“Ultimately, the trial court concluded that class certification would not be appropriate because each class member would be required to prove justifiable reliance,” the Superior Court observed.

The central issue on appeal, according to the Superior Court, was whether individual, justifiable reliance is required for private actions under Section 201-9.2 of the UTPCPL.

” We need not look far for the answer to this question, as our Supreme Court has decided and reaffirmed that justifiable reliance is an element of all private claims under the UTPCPL.”

In Weinberg v. Sun Co., 777 A.2d 442 (Pa. 2001), a case involving advertising that claimed that Sunoco’s product called Ultra® would improve automotive performance, “[t]he Supreme Court determined that this Court’s application of the UTPCPL was erroneous because it was premised on the considerations that guide the Attorney General when he/she is pursuing an enforcement action under Section 201-4. Id. at 445-46 (‘There is no authority which would permit a private plaintiff to pursue an advertiser because an advertisement might deceive members of the audience and might influence a purchasing decision when the plaintiff himself was neither deceived nor influenced.’). The court, noting that the UTPCPL’s underlying foundation is fraud prevention, held that nothing in the legislative history of the UTPCPL ever intended statutory language directed at consumer fraud to do away with the traditional elements of reliance and causation in a private action under the UTPCPL. Id. at 446. The court, therefore, concluded that in private actions under Section 201-9.2, the plaintiffs had to ‘allege reliance, that they purchased Ultra® because they heard and believed Sunoco’s false advertising that Ultra® would enhance engine performance.’ Id.”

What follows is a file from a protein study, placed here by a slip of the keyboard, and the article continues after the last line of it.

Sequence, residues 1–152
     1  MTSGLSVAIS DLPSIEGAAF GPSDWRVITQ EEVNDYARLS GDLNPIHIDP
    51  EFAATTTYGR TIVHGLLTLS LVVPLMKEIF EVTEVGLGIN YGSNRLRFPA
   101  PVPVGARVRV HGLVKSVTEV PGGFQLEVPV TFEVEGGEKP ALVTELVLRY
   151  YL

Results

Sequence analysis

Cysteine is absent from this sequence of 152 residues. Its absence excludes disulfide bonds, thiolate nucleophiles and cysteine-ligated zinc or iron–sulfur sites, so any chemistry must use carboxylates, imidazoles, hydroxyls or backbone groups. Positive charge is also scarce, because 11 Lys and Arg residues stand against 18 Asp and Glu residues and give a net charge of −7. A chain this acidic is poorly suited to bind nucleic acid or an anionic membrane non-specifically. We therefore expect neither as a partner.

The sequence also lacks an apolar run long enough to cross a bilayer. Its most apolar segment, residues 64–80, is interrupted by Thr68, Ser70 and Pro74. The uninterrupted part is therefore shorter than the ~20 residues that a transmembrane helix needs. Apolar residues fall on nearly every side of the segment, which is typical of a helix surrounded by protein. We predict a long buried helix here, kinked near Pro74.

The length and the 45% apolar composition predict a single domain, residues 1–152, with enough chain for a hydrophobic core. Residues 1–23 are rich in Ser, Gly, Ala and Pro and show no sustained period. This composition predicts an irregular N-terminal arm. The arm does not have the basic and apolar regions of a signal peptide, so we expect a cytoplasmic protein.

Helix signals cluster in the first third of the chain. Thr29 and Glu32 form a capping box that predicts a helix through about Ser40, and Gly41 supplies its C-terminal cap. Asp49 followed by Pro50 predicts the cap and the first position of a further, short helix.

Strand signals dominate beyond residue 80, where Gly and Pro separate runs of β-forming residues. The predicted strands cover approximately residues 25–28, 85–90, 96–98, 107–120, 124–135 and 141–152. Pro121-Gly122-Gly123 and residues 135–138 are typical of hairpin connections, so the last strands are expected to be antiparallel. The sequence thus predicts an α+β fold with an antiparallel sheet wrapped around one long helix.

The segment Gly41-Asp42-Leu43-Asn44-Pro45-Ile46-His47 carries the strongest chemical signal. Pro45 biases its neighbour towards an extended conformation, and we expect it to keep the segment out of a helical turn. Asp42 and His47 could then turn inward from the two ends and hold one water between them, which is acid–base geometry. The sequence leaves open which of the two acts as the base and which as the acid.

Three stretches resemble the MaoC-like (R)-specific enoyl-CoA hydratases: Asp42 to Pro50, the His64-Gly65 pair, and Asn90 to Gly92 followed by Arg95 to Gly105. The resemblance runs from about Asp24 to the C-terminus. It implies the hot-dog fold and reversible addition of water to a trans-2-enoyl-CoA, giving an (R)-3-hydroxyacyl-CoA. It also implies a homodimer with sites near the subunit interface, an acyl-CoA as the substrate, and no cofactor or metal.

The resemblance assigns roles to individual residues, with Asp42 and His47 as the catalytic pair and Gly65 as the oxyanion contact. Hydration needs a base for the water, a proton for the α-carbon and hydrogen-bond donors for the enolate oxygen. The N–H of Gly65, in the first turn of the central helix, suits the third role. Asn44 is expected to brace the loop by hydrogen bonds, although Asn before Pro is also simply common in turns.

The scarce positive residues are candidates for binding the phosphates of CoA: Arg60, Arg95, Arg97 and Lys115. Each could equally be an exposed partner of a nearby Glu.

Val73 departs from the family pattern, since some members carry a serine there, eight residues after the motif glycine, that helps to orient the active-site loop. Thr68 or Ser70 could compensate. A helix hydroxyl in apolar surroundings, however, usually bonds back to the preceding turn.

See also: Yocca v. Pittsburgh Steelers Sports, Inc., 854 A.2d 425 (Pa. 2004) and Toy v. Metro. Life Ins. Co., 928 A.2d 186 (Pa. 2007),

“Despite this plethora of precedent, Appellant contends Weinberg, and all cases derivative of Weinberg, are not binding on cases involving post-1996 deceptive conduct, an obvious reference to the year in which our Legislature amended the UTPCPL to include deceptive conduct as a violation of the UTPCPL. Instead, Appellant cites our decision in Grimes v. Enter. Leasing Co. of Philadelphia, LLC, 66 A.3d 330 (Pa. Super. 2013), rev’d on other grounds, ___ A.3d ___, 2014 WL 7088933 (Pa. 2014),[10] and dismisses our decision in DeArmitt v. New York Life Ins. Co., 73 A.3d 578 (Pa. Super. 2013), to argue a plaintiff need not allege justifiable reliance in a private cause of action under the UTPCPL. We disagree.”